In windows argument -w and number in milliseconds set how long wait echo reply from pinging host.

I'm running now macOS Sierra and -t argument from ping help set count of echo requests. So ping google.com -c 5 and ping google.com -t 5 give the same result - five echo requests with default timeout.

Is there a flag that does what I need?


Looking at the man page for ping (man ping); under the -i wait option, we see that the default time between sending pings is 1 second:

-i wait

wait seconds between sending each packet. The default is to wait for one second between each packet.

So, using the default of sending 1 packet every 1 second, the options -t and -c will produce the same output.

When we add in a fractional wait time of say, a half second, we should now get 12 packets sent within the 6 seconds:

$ sudo ping -i .5  -t 6 apple.stackexchange.com

PING apple.stackexchange.com ( 56 data bytes
64 bytes from icmp_seq=0 ttl=58 time=12.509 ms
64 bytes from icmp_seq=1 ttl=58 time=11.990 ms
64 bytes from icmp_seq=2 ttl=58 time=17.027 ms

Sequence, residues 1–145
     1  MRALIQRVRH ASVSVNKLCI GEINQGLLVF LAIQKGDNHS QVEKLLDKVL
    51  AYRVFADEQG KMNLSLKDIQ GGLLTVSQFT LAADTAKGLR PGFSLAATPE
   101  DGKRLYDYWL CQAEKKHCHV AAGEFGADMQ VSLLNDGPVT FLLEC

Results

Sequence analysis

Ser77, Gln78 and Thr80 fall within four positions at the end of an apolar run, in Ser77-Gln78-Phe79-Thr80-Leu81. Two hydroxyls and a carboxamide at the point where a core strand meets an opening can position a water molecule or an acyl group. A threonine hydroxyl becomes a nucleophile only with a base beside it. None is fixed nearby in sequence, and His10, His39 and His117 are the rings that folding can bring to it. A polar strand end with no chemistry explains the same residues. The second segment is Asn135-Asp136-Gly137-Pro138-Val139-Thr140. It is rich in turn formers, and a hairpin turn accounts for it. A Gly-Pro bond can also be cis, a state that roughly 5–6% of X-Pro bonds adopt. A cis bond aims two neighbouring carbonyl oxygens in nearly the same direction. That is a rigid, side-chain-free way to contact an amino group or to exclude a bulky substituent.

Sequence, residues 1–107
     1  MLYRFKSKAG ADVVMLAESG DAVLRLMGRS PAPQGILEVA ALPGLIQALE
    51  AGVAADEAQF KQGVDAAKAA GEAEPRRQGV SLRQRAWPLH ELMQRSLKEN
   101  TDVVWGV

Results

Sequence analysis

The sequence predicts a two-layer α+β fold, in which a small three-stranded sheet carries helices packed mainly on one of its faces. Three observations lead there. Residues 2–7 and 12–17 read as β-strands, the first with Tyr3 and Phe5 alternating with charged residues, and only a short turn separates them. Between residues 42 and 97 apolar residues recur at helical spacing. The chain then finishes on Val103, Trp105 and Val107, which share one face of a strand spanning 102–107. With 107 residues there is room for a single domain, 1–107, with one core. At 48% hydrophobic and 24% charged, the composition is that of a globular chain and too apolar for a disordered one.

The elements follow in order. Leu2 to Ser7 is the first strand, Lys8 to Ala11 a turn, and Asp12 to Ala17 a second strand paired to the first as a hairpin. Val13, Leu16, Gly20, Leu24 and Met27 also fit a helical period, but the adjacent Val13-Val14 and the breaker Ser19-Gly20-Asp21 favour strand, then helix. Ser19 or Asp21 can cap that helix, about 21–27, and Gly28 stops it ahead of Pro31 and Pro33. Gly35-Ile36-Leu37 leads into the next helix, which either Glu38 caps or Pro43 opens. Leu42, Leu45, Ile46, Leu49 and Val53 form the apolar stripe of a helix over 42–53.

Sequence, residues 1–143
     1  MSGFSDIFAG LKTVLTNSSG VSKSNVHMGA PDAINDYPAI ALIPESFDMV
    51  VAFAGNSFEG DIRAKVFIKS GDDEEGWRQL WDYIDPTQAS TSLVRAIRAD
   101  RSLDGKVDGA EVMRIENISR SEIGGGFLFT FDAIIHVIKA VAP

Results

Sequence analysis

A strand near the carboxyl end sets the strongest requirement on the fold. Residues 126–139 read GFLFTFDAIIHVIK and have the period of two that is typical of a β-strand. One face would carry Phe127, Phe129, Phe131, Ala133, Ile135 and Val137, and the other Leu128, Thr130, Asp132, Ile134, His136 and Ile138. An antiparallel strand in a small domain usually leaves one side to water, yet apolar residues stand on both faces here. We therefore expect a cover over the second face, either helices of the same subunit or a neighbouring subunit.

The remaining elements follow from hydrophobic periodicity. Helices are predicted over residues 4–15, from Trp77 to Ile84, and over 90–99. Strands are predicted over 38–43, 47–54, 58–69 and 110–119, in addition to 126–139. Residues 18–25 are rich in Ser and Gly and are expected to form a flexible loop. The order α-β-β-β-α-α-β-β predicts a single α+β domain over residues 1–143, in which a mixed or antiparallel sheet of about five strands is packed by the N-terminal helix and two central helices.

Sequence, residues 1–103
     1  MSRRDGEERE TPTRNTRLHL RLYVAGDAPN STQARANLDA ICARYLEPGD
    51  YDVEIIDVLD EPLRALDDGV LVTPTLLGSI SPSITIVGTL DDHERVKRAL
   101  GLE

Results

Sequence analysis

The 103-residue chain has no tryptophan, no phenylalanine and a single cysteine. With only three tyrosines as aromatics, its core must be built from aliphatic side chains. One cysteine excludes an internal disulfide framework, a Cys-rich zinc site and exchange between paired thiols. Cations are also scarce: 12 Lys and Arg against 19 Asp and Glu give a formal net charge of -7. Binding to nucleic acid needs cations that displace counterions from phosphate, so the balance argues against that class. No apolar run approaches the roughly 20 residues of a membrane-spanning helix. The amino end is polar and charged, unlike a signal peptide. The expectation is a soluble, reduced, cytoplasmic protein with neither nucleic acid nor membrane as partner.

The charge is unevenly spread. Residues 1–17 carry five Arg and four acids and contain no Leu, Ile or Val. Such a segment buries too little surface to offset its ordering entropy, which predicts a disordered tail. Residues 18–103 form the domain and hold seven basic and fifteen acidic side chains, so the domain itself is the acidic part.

64 bytes from icmp_seq=3 ttl=58 time=13.173 ms
64 bytes from icmp_seq=4 ttl=58 time=15.752 ms
64 bytes from icmp_seq=5 ttl=58 time=10.337 ms
64 bytes from icmp_seq=6 ttl=58 time=15.484 ms
64 bytes from icmp_seq=7 ttl=58 time=9.653 ms
64 bytes from icmp_seq=8 ttl=58 time=9.734 ms
64 bytes from icmp_seq=9 ttl=58 time=9.486 ms
64 bytes from icmp_seq=10 ttl=58 time=11.321 ms
64 bytes from icmp_seq=11 ttl=58 time=9.549 ms

Twelve responses as expected. Note, that you must run this as root; per the man page for the -i wait option:

The wait time may be fractional, but only the super-user may specify values less than 1 second.

Now, the -W option (capital "W", not lowercase) will be the equivalent to the Windows -w which specifies a wait time between receipt of the packets:

-W waittime Time in milliseconds to wait for a reply for each packet sent. If a reply arrives later, the packet is not printed as replied, but considered as replied when calculating statistics.

You must log in to answer this question.

Not the answer you're looking for? Browse other questions tagged .